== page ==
The Accounting and Corporate Regulatory Authority (ACRA) is a Singapore government body that regulates businesses, public accountants, corporate service providers, and financial reporting. While maintaining the Lion City’s status as an excellent business hub in Southeast Asia, it is also responsible for enforcing statutory requirements to create an environment that enables businesses to grow and thrive.
In this post, we look at the important policies set by ACRA and discuss the requirements for each.
The Key Compliance Requirements Set by the Accounting and Corporate Regulatory Authority
Conducting Annual General Meetings
An annual general meeting (AGM) is a yearly meeting among shareholders. During this event, the company discloses its financial statements so that shareholders can ask questions and raise issues regarding the company’s financial status.
Companies with a financial year ending on or after August 31, 2018:
- Listed companies must conduct an AGM within four months after the company’s FYE. They are required to file the annual return within five months after the company’s FYE.
- Non-listed companies need to hold an AGM within six months after the company’s FYE. They are required to file the annual return within seven months after the company’s FYE.
Companies with financial year ending prior to August 21, 2018:
- The first AGM must be held within 18 months after the date of incorporation.
- Listed companies: Financial statements disclosed during the AGM should be updated not later than four months prior to the AGM
- Non-listed companies: Financial statements must be updated not later than six months before the AGM.
Filing Annual Returns
An annual return is a digital form filed with ACRA. It contains some key information regarding a company including financial statements, its officers, and members. Annual returns are crucial to the decision-making process of stakeholders.
Updating Company Particulars
When there are changes within the company, ACRA must be informed promptly. For more information, please see our post about ACRA’s requirements regarding changes in company particulars.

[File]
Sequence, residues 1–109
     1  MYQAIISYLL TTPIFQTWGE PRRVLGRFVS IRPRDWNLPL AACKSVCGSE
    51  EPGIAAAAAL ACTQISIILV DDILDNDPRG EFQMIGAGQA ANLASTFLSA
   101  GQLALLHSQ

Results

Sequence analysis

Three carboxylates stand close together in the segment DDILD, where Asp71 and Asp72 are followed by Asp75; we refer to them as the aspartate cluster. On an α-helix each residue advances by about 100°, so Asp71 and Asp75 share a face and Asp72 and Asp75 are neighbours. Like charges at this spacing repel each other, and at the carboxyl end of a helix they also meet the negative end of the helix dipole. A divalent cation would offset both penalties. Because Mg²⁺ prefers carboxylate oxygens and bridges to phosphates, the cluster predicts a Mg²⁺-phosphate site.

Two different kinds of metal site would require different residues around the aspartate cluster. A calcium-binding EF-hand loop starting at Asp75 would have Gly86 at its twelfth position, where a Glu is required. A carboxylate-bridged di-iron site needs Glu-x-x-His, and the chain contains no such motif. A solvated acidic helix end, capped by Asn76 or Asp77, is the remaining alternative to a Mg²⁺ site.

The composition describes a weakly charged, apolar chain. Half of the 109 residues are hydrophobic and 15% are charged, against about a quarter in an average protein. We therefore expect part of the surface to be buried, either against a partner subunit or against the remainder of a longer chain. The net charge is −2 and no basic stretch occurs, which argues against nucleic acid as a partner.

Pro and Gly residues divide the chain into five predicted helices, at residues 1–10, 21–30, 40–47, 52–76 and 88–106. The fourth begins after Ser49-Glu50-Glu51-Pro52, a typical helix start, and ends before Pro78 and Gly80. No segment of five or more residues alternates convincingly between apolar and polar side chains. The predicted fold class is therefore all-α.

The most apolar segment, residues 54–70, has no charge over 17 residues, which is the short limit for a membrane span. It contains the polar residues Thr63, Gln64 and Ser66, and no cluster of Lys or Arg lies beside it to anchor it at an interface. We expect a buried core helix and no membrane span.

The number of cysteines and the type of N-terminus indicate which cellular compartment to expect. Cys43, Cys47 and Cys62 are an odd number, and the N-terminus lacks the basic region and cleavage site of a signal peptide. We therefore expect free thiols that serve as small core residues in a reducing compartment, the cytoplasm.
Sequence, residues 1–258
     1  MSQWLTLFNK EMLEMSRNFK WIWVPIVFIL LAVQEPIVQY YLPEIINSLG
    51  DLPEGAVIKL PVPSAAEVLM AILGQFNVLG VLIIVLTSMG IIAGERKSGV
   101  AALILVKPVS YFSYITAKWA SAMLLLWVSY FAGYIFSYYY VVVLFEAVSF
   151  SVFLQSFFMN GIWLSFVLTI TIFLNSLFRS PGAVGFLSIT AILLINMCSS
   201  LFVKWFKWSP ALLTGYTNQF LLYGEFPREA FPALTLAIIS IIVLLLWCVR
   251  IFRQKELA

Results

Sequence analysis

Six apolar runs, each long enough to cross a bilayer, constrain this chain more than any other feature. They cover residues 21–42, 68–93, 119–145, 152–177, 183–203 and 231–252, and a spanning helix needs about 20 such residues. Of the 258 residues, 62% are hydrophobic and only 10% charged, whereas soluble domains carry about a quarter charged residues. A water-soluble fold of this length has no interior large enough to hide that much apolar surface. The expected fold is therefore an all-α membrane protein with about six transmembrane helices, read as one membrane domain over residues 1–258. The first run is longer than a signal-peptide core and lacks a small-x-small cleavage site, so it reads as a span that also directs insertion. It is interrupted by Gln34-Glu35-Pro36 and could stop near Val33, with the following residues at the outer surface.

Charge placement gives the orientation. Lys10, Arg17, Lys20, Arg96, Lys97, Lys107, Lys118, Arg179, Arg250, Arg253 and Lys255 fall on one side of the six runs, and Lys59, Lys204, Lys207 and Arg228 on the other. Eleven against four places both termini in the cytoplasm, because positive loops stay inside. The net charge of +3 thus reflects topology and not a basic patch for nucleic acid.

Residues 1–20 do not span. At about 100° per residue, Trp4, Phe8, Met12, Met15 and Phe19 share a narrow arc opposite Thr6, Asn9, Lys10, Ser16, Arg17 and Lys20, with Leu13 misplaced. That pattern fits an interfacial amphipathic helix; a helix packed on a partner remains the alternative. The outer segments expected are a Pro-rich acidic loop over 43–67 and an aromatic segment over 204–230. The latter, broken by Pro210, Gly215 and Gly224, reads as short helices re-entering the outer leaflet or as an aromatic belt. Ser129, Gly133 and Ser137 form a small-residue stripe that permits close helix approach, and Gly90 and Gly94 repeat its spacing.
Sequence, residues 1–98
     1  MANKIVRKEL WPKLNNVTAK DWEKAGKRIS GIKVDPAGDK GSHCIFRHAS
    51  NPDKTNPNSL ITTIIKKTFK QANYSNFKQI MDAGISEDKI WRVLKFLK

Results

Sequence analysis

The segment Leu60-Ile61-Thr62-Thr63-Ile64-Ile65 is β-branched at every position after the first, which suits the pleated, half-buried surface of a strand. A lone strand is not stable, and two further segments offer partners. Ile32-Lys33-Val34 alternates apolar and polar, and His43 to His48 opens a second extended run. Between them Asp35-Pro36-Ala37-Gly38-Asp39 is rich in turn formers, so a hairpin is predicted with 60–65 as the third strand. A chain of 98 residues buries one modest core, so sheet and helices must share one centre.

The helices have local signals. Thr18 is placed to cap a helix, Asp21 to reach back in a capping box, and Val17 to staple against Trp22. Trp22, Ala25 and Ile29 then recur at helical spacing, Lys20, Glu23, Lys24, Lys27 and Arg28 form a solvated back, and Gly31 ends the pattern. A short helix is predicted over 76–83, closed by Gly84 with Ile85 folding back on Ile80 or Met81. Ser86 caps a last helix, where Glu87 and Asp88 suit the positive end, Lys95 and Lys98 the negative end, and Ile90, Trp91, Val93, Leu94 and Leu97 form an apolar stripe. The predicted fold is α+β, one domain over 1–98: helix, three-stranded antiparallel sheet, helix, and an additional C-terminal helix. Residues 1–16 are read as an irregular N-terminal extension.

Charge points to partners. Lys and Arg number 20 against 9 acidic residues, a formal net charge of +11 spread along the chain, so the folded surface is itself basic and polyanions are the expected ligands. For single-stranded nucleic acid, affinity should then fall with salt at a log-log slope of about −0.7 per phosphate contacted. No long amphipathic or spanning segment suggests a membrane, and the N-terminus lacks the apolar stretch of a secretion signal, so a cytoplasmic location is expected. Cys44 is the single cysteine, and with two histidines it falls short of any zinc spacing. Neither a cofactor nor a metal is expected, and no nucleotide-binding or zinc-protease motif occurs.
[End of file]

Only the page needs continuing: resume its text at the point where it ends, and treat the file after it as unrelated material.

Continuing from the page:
Register of Registrable Controllers
Beginning March 31, 2017, the register of registrable controllers (RORC) is required from companies (both local and foreign) and LLPs. It is expected to be kept in their registered address or the office of their authorised filing firm. Beneficial owners of the entities is another term for RORC.
ACRA’s aim for the RORC is to make the information about the ownership and control of a business entity transparent. It minimises the misuse of companies for illegal purposes. The RORC is part of ACRA’s upholding of Singapore’s status as a reputable financial hub.
Duties of a Director in Terms of Financial Reporting
As business challenges grow and its models become more intricate, stricter financial standards are implemented. ACRA aims for the market to place confidence in the amount of transparency, honesty and quality of financial reports.
In line with this necessity, the Accounting and Corporate Regulatory Authority started its Financial Reporting Surveillance Programme to detect poor financial reports that lead to inaccurate information and non-compliance.
How Your Company Can Consistently Comply with ACRA’s Requirements
Through the help of corporate service firms like CorpXervices, you can ensure that your documents, requirements, and company practices pass ACRA’s standards. You don’t need to worry about the constantly changing regulations and the hassles of non-compliance. With the support of a firm, you can carry out all your operations smoothly and transparently.